Visiting OAEC requires advance planning. The nursery is open seasonally on weekends only and welcomes drop-in visitors and shoppers. Free public tours of the gardens and trails are offered every other Sunday in spring and summer, or you may schedule a paid private tour. If you’re keen to get your hands in the rich, permaculture-built soils, you can also come to a Wednesday volunteer day where a complimentary meal, cooked with ingredients from the garden, is provided.


Stop 6: Mendocino Coast Botanical Gardens (MCBG)


At the Mendocino Coast Botanical Garden visitors marvel at the view of the Pacific Ocean. Hallie Schmidt

Not many botanical gardens can boast oceanfront property, and Mendocino Coast Botanical Gardens takes full advantage of this prime coastal real estate. The temperate “Goldilocks” climate and sandy soils of Northern California’s coastline allow for magnificent year-round displays. If it’s flowers you’re after, visit in spring when the towering rhododendrons, MCBG’s most famous collection, produce their colorful and fragrant blooms. In winter, it’s camellias and magnolias by day and a festival of lights by night. In the vibrant and quirky perennial garden, dahlias and heathers extend the bloom season well into late summer and fall. Begonias, fuchsias, succulents, conifers, mushrooms, the list goes on—there’s plenty to marvel at. Beyond the curated collections, the paths thread through a charming wooden gate onto a nature trail that leads out to the open bluffs. Expect to be awed by a breathtaking view of the deep blue Pacific Ocean colliding in bursts of white seafoam with rugged coastline. After wandering the bluff trails, be sure to explore the working farm. Children are encouraged to explore and taste the organic produce and fruit planted between a myriad of colorful pollinator plants.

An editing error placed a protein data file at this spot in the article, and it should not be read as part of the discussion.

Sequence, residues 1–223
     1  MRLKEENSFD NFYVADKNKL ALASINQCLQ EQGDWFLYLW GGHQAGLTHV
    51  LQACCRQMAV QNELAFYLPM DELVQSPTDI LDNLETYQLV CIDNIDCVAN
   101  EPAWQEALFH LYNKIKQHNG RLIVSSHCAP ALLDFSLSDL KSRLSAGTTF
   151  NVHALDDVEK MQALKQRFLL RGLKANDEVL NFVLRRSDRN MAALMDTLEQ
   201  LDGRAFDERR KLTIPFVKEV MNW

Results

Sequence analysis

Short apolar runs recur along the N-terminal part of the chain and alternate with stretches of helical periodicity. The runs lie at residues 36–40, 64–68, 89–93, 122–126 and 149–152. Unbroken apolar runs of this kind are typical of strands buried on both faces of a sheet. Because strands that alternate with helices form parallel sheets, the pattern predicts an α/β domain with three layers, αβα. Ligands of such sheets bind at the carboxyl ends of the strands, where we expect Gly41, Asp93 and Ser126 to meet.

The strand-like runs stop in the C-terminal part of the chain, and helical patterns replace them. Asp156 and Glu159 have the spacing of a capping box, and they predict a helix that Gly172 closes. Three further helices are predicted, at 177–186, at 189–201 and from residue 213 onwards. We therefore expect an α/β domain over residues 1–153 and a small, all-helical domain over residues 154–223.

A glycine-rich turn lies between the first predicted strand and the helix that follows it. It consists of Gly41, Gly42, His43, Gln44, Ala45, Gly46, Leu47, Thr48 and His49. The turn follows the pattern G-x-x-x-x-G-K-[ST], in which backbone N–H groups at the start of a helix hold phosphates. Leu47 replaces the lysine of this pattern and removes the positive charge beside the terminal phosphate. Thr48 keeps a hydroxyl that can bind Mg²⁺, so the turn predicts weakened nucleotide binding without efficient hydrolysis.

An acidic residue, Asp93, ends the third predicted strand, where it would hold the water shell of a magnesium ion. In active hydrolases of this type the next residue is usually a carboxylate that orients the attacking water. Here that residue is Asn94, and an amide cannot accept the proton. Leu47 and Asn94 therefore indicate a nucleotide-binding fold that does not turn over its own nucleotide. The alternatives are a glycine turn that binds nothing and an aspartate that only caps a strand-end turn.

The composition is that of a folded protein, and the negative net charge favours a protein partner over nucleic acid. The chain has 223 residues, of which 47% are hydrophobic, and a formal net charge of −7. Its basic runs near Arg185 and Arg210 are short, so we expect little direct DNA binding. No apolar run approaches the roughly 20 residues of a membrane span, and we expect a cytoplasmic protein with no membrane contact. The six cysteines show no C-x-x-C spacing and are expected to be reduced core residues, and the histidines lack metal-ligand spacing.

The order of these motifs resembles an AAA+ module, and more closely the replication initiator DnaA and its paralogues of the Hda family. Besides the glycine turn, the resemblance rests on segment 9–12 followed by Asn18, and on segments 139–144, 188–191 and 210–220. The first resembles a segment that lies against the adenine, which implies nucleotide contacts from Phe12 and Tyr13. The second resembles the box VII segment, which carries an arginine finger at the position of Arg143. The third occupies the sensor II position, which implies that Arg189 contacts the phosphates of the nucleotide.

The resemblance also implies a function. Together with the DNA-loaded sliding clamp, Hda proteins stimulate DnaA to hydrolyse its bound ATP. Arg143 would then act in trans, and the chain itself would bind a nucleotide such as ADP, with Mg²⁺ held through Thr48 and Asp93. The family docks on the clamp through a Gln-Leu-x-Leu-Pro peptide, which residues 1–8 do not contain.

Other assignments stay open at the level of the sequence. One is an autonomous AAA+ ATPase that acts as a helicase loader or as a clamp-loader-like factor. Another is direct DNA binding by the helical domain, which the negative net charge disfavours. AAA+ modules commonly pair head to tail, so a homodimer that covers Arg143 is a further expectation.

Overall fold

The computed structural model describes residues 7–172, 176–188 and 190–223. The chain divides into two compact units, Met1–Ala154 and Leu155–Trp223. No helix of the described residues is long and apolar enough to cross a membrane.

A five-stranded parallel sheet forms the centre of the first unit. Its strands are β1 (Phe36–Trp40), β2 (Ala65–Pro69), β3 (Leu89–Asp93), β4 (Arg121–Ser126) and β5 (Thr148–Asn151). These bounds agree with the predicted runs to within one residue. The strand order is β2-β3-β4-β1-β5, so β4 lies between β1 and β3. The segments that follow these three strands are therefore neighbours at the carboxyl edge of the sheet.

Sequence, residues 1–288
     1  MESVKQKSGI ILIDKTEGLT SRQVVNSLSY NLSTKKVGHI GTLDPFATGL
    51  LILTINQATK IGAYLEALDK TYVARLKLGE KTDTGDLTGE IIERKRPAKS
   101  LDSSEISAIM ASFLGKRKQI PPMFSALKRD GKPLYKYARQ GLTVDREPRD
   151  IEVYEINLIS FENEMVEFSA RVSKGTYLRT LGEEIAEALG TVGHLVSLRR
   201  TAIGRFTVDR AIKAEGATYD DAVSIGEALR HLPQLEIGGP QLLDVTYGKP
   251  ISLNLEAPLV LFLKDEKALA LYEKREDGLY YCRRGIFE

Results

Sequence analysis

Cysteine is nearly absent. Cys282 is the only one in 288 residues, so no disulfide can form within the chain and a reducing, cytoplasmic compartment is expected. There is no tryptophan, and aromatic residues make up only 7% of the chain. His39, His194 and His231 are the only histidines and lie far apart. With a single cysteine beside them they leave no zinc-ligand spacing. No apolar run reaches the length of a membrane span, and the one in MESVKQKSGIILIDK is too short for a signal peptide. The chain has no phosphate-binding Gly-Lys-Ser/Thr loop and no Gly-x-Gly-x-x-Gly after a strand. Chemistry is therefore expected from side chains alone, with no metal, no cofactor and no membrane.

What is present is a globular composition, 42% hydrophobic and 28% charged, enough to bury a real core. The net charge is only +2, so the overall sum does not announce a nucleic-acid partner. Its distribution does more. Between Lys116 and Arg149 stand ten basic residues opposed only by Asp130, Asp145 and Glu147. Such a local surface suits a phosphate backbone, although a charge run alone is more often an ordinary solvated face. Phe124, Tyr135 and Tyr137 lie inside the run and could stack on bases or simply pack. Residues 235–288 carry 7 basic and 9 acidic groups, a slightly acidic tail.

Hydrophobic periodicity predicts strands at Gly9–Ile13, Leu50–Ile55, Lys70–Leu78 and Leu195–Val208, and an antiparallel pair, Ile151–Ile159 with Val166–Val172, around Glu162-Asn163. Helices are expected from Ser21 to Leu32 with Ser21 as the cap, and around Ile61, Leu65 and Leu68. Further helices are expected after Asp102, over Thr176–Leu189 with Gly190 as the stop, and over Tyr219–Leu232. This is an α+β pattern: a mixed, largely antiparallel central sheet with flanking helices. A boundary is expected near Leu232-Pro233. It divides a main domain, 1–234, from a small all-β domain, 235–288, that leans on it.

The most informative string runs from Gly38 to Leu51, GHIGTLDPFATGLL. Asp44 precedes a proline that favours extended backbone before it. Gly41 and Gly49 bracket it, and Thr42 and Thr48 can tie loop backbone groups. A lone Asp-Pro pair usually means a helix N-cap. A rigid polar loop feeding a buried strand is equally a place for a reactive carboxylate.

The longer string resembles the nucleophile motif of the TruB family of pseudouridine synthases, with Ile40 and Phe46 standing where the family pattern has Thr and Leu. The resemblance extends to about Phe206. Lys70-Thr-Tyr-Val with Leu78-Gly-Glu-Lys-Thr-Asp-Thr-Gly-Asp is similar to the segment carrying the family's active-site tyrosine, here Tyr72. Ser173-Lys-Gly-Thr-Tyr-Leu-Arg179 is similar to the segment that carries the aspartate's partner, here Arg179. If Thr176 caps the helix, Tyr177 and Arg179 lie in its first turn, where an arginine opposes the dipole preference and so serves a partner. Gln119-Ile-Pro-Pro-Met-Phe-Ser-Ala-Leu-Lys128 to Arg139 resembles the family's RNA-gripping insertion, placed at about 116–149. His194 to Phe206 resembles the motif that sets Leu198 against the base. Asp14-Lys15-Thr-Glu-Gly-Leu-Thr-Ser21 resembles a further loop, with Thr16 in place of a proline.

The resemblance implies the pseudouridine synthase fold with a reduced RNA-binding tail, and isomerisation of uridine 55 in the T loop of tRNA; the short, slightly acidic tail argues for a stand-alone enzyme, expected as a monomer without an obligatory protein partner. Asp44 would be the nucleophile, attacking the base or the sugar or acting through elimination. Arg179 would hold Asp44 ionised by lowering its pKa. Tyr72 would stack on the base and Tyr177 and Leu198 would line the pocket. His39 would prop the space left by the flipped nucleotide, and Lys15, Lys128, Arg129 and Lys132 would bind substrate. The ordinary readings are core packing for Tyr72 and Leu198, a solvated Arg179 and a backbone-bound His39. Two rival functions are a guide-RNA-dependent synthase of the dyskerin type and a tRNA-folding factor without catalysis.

Stop 7: Humboldt Botanical Gardens


An Arctostaphylos ‘Sunset’ glows red in the foreground while the blooms of Salvia apiana and Romneya coulteri flank neat gravel paths in Humboldt Botanical Garden’s California Native Garden. Hallie Schmidt

Nestled against an iconic horizon of redwoods (Sequoia sempervirens), Humboldt Botanical Gardens encompasses 44.5 acres of nature trails, woodlands, and a diverse and growing collection of perennials, California natives, roses, and heathers. Visitors are greeted by a rainbow glow emanating from the perennial terrace. The contemporary stormwater-fed runnel leads you to the native garden. This unirrigated, open site houses numerous plants endemic to the California Floristic Province including buckwheats (Eriogonum), California lilacs (Ceanothus), and an impressive 48 species and cultivars of manzanitas (Arctostaphylos). Though planted for botanical and educational purposes, the sole gardener and collection manager Mark Moore has created a garden that reads as an exquisitely designed display, with textural grasses and seed-heads poking through undulating mounds in varying textures and shades of green or gray. The same holds true in the Moss Family Temperate Woodland Garden, which features a number of notoriously difficult to grow rhododendrons and a once believed to be extinct Wollemi pine (Wollemia nobilis). Meander uphill on any of the property’s trails to reach the interactive All Happy Now earth sculpture and south facing views of College of the Redwoods, Humboldt Bay National Wildlife Refuge, and Table Bluff. Visible in the far distance is Bear River Ridge and the beginning of California’s Lost Coast.


In the second part of my adventure, I’ll cross the border into Oregon, where more rainfall provides a mecca of growing grounds, gardens, and unique plant collections. The tour ends in Idaho for a taste of gardening in the rugged mountain west.

Traveler’s Note: Consider purchasing a membership at your local public garden or with the American Horticultural Society. Through the AHS Reciprocal Admissions Program, members can get free admission to participating gardens throughout North America with a single membership. https://ahsgardening.org/gardening-programs/rap/


Suggested Reading:

Donald Olson’s The California Garden Tour

Michael Sullivan’s The Trees of San Francisco

Matt Ritter’s A Californian’s Guide to the Trees Among Us